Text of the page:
The Sun Sets — and What’s Wrong With That?
Last evening, the little wife and I took a stroll along a nearby stream, during which we happened to be walking directly into a typically lovely Korean sunset. Somehow, given the current state of things, including the outrageous fact that millions of healthy people in the formerly-dubbed “free world” are currently barred by the state from taking such strolls — the concept of “sunset” seemed more portentous than usual. Or rather, the event’s intrinsic portent was unchanged, but my own mind’s inclination to bring the figurative to the foreground was accentuated by the circumstances.
Mankind’s most essential and enduring metaphor for endings, final moments — Mother Nature’s simplest and most universally understood haiku — was keen to make itself heard last evening. For we are now living through a civilizational sunset, and overly focused, much of the time, on the ugliness of it, particularly the ugliness of what we are discovering about our “fellow man” — who, as is now revealed, is neither our fellow nor much of a man.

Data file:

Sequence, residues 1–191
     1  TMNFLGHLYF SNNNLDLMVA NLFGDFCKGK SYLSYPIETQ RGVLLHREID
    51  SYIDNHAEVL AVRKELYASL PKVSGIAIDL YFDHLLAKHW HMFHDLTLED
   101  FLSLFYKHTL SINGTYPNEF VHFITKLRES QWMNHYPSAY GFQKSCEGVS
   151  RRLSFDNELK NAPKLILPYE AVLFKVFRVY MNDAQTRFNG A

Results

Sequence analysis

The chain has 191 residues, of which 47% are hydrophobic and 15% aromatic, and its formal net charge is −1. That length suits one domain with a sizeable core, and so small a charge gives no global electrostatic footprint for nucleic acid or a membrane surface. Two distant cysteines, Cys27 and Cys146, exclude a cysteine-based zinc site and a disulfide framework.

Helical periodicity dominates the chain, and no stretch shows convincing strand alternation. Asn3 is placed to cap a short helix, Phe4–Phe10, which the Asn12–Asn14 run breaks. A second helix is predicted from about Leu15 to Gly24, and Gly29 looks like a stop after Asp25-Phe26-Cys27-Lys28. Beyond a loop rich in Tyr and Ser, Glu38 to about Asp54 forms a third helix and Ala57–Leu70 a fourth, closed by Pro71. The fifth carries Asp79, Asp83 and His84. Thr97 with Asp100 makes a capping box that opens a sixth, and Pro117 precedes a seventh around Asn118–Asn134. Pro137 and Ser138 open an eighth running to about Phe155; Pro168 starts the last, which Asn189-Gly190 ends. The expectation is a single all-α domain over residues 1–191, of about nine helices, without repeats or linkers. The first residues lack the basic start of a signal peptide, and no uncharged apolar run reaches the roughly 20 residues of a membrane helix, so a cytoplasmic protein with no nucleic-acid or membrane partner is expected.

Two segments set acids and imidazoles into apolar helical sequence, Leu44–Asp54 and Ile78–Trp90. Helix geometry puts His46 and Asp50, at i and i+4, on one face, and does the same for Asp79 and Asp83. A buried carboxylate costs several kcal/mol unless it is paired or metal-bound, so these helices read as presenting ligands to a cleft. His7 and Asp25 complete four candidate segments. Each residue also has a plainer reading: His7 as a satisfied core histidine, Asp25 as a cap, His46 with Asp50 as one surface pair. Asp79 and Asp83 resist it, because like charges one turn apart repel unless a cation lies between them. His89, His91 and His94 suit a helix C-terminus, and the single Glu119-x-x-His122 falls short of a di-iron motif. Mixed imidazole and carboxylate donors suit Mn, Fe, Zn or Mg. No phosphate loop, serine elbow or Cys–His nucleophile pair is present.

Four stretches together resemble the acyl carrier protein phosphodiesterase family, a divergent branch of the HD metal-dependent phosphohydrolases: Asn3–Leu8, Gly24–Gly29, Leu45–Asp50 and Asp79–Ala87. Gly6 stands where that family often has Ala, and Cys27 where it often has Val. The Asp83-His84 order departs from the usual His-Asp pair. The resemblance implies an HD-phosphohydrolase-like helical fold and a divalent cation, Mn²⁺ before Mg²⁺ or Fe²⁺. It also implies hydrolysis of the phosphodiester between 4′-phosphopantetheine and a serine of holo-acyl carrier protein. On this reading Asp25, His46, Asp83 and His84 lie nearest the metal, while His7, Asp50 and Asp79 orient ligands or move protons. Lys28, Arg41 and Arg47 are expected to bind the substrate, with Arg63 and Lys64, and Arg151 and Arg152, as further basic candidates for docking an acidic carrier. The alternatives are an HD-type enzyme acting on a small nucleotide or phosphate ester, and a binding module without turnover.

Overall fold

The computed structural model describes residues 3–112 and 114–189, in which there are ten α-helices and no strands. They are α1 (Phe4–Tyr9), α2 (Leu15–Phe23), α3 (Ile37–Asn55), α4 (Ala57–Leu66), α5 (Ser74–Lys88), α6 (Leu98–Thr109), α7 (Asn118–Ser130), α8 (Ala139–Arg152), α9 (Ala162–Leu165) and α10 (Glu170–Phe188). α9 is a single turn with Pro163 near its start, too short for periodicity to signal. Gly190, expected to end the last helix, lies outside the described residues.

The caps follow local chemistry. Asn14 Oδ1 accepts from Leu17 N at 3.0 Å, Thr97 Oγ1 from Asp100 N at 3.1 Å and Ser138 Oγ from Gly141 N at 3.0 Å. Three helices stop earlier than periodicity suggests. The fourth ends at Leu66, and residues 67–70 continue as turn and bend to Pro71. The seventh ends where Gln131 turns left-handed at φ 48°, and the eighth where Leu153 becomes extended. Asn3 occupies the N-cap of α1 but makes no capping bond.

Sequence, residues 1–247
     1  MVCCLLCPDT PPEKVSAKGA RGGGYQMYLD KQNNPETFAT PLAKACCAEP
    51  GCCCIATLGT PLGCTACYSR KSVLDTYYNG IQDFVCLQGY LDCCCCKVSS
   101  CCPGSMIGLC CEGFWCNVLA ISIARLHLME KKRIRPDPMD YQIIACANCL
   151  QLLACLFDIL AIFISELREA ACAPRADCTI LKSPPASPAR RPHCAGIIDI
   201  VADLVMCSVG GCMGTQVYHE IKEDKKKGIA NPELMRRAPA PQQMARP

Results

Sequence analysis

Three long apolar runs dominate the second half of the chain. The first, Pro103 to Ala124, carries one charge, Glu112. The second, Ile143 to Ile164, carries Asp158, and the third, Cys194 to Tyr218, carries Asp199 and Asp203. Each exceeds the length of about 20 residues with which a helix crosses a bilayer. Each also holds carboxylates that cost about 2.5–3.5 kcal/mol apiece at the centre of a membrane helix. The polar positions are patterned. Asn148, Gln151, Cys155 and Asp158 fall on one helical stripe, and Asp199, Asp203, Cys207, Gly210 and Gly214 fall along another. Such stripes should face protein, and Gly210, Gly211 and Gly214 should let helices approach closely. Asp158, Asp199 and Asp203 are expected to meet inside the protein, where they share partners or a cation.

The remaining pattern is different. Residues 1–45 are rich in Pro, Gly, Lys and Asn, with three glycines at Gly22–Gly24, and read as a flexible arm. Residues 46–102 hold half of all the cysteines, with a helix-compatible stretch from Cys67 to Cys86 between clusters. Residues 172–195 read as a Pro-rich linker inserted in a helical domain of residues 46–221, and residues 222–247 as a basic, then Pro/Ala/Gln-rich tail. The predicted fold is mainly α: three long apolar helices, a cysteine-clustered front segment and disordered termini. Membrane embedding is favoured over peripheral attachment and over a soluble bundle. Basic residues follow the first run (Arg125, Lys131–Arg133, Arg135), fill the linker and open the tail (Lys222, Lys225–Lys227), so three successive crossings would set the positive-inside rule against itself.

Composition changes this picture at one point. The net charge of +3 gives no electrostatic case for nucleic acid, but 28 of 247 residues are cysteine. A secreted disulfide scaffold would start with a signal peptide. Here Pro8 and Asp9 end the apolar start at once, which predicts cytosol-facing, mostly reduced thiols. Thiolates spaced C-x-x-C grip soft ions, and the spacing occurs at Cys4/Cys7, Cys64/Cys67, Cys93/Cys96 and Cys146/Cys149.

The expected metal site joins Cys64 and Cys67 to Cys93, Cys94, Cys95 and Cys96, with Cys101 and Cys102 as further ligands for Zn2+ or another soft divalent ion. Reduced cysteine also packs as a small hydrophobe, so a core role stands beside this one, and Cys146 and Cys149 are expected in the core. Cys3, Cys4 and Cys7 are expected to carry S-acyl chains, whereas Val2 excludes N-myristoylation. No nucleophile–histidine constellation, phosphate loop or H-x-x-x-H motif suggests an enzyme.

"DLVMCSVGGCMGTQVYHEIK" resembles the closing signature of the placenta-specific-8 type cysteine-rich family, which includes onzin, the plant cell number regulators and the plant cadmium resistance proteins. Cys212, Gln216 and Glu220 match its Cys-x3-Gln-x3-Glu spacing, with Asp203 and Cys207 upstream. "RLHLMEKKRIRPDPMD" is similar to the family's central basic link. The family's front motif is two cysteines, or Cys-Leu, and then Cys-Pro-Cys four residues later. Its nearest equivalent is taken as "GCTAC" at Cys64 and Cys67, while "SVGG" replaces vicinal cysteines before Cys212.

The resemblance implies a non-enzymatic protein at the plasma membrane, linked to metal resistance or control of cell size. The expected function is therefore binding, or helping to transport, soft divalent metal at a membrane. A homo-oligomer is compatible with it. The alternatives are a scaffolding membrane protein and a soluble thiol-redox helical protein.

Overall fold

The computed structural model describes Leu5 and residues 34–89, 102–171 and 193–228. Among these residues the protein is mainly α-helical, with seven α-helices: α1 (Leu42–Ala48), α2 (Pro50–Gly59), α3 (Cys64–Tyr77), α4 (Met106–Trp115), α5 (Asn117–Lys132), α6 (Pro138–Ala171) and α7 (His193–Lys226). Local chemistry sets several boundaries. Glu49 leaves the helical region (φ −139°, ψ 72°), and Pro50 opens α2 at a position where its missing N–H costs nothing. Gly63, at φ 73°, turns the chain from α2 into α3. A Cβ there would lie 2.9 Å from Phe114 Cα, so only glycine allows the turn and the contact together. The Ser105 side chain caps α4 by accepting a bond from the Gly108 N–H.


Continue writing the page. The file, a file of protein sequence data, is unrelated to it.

By design, I had my camera with me during this walk. Thus, I can now share a few of my sober but not unpleasant musings with all of you.
Enjoy, then! — for that, after all, at least to the extent that one may approximate the perspective of the gods (and why else would they share these sights with us?) is what sunsets are for.
(You may click on each picture for a full-screen view.)